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Intercultural Perspective: Politeness And Cultural Differences (Essay Sample)
Discuss how politeness varies across cultures, focusing on 2-3 cultures of your choice. Illustrate your discussion with examplessource..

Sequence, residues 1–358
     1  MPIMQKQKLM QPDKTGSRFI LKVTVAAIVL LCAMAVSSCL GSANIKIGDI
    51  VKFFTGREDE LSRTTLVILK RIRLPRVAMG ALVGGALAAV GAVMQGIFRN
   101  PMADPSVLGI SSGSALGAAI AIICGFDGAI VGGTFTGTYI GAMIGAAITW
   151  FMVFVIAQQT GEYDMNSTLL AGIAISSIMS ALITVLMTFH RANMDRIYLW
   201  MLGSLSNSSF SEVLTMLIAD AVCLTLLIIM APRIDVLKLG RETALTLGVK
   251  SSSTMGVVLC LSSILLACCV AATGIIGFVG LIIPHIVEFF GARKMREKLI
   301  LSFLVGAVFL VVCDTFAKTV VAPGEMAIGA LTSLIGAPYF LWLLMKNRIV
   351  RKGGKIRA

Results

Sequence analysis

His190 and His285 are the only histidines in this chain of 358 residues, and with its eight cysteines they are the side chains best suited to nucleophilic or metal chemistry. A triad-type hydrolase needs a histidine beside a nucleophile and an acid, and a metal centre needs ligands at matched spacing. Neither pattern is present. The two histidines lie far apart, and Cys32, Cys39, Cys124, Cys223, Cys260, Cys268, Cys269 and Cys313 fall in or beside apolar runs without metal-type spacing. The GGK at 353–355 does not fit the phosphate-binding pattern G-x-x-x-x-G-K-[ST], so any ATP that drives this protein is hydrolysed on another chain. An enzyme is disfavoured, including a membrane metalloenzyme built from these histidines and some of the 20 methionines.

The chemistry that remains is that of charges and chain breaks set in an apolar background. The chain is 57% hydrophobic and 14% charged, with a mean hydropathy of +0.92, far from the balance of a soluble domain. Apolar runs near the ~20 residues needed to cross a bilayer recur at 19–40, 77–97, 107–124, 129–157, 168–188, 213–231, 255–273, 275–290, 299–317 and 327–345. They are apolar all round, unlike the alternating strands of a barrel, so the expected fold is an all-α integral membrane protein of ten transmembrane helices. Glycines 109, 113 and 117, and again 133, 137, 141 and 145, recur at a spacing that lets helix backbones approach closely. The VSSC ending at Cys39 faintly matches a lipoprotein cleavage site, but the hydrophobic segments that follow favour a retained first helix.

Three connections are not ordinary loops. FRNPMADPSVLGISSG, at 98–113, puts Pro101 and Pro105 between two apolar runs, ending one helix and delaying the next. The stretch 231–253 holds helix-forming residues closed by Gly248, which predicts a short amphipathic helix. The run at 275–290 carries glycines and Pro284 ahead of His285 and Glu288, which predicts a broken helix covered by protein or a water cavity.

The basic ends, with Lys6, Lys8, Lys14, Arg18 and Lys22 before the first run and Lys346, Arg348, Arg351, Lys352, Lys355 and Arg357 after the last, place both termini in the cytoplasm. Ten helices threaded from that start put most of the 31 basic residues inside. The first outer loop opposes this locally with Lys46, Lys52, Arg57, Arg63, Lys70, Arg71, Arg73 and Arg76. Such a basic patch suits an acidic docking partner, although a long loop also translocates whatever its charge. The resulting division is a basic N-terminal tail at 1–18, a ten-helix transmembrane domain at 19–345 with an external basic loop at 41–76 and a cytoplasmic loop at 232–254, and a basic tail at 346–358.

Intercultural Perspective Discuss how politeness varies across cultures, focusing on 2-3 cultures of your choice. Illustrate your discussion with examples Contents TOC \o "1-3" \h \z \u Introduction PAGEREF _Toc510878671 \h 3Politeness and Cultural Differences PAGEREF _Toc510878672 \h 3American Culture PAGEREF _Toc510878673 \h 4British Culture PAGEREF _Toc510878674 \h 5Chinese Culture PAGEREF _Toc510878675 \h 6Conclusion PAGEREF _Toc510878676 \h 7References PAGEREF _Toc510878677 \h 8 Introduction Being polite is a gentle gesture of being considerate of other people, cultures, places or anything that is relevant to someone else. It is an attempt to make sure that you are considering any situation from the perspective of other people and not doing anything that falls into the category of being rude to other people or hurts their feelings in any way. It is a sociological requirement for all people to be polite towards others since it fulfils the conditions of being a healthy and constructive social participant CITATION Hua08 \l 1033 (Huang, 2008). Additionally, being polite to others provides people with an opportunity to get connected to others and develop a healthy bond. When it comes to polite behaviour, these tendencies can vary on a cultural basis. Something that is polite in one culture might be impolite in others, leading to cultural diversity and differences. With more and more international travels and countries connecting with each other through globalisation, the necessity of being mindful of other cultures became more crucial CITATION Nai18 \l 1033 (Naiditch, Liontas, & DelliCarpini, 2018). This paper will analyse the various concepts of politeness across three dominant cultures, e.g. American, British and Chinese. Some fundamental discrepancies in the ideas of politeness will be considered in detail, and the last section will provide concluding remarks. Politeness and Cultural Differences Alred (2013) argued that cultures across nations can differ on a smaller to a broader extent. With the rise of globalisation, there have been efforts and real-time changes occurring in cultural integration of the world. However, there are some core concepts that are still different across countries. It has been argued that the politeness principles for each country vary to some extent no matter how close these countries are. The idea of politeness is popular among the sociological domain where cultures and their concepts of politeness across cultures are studies. It has been observed that by the level of differences between two cultures, the ideas surrounding politeness also vary from a small to a broader scale. It is possible that something is highly desirable in one culture while in another, it is a highly controversial matter. With that into account, it is interesting to see how these differences in politeness take place in a social context and tend to change the behaviours of people CITATION Bre131 \l 1033 (Bredella, 2013). Regarding cultural differences and politeness, many things can lead to these alterations ranging from how people talk and approach others, what kind of faces they make when they talk to others, how their body language aligns with what they are trying to do and how the behaviour varies person to person. In a broader perspective, it is mentioned that it is about being mindful of oneself and the society around you and making sure that the risk of conflict and offensive behaviour is minimised. One thing that should be kept into account is that the differences between cultures and politeness do not only vary culture to culture and might be affected because of the geographical distance between two locations. For instance, there are instances when something considered in one part of the same culture is considered rude in another. It usually applies to the rural and urban areas when in a rural part of a country, something is considered polite while in the urban locality of the same culture, it can give an entirely different impression CITATION Byr10 \l 1033 (Byram, 2010). American Culture For this analysis, three cultures are considered including the American, Chinese and British, and their concept of politeness regarding communication are analysed. American culture is considered to be one of the most candid cultures in the world. Haugh & Chang (2015) argued that the way people communicate with one another and use various verbal and non-verbal signs to convey a message to another person is classified as freestyle and comfortable. Since America is the most diverse country in the world with a good number of people migrated from other cultures (70% white and the rest of 30% from other locations), there is a high level of adaptability seen in the country which makes it more exciting to be analysed. Regarding languages, there is no official language in the country because of a large number of people is from other cultures. However, English is used as a primary medium of exchange, and the majority of people communicate in English CITATION Anu10 \l 1033 (Anundale, 2010). There is no particular class-based system in the US, and by law, all citizens are treated equally with a high penalty for acts of discrimination. The ways of communication are very straightforward in the US, and something that might be impolite in many countries can be considered very reasonable over there. For instance, something that makes the communication culture of the US is the name conventions. In many cultures, certain family members are called with specific names or terms that are specifically for these people. However, that is not the case in the US and everyone especially friends, family members and colleagues are called by their first names. It applies to people of the same age group and older people as well. Calling people by their nicknames is also common in the culture, and it is entirely okay to tangle up someone’s name if you are close enough CITATION Cha102 \l 1033 (Chang & Haugh, 2010). Eslami (2015) mentioned that for a meet and greet, people can introduce others by their full name no matter how much age difference they have and taking someone’s name is always considered polite. For example, even students in the country would call their teachers by their names with a salutation in front of it while in another country, it might be considered rude whichapplies to other formal settings. There are lesser boundaries regarding personal space in the US. For example, it is normal for people to give high five to other, shake hands and even hug if they know each other and this applies to opposite genders as well. However, the strictly respect others’ personal space and are not very physical in general as that is considered impolite if you do not know the other person very well CITATION God12 \l 1033 (Goddard, 2012). They, however, are tended to ask direct questions to other people, and it is a typical gesture in their culture while the other person has complete choice to answer or not. British Culture British culture is different compared to the American one, and many factors are responsible for this discrepancy in behavioural tendencies. Addressing someone in the UK is different than what it is in America or China and mostly, first introductions are gender-based, e.g. Mr and Mrs Jane Doe, etc. It applies to a formal setting as well when there is always a salutation in front of the name while in America, just the first name might be used no matter the gender or the occupation of the person. Regarding calling people in terms of their family relationships, America and the UK are somewhat similar while China is different CITATION Lee131 \l 1033 (Leech, 2013). In England, everyone older in the family is called uncle or aunt, same as the US while in China, specific relations have specific names assigned to them. For example, the master is ‘shi fu’, ‘da bo’ is the eldest brother of the father, ‘er jie’ is the second elder sister while third elder brother is called ‘san ge’. British culture does not have that much categories, and usually, there are uniform salutations for a large number of people CITATION Yin09 \l 1033 (Yin, 2009). It is stated by CITATION Hin091 \l 1033 (Hinkel, 2009), meeting with someone for the first time is very formal in the UK, and people make sure to be verbally polite to others. Phrases like good morning, good evening, thank you, sorry, see you soon and good luck are very common in standard conversion. British people are also used to complementing people in front of others while the person at the receiving end accepts the compliment with thank you CITATION Hau06 \l 1033 (Haugh M. , 2006). Additionally, gender differences are not very prevalent in the UK as they are in China. A man can compliment a woman on her look if they know each other while in China, it might be considered as a taboo and can be regarded as flirting and impolite. This is something that the UK has in common with the US where compliments to the opposite genders are not considered as offensive CITATION Bro162 \l 1033 (Brown & Lensinvon, 2016). Chinese Culture The linguistic approach of China is different from many other countries in the world. With a significant difference in languages, traditions and cultures, the way Chinese people communicate with each other is different compared to how they talk about American or British culture. In the Chinese culture and communication, the concepts of modesty, warmth, and refinement are given much significance compared to other nations. People are always considerate of other’s feelings whenever they say something and asking questions is a very refrained practice since people want to ensure that they follow the rules of politeness, personal space and hospitality. One of the very basic communicational rules in China is the connection between the levels of education and politeness. As opposed to the American culture, in China, it is consid...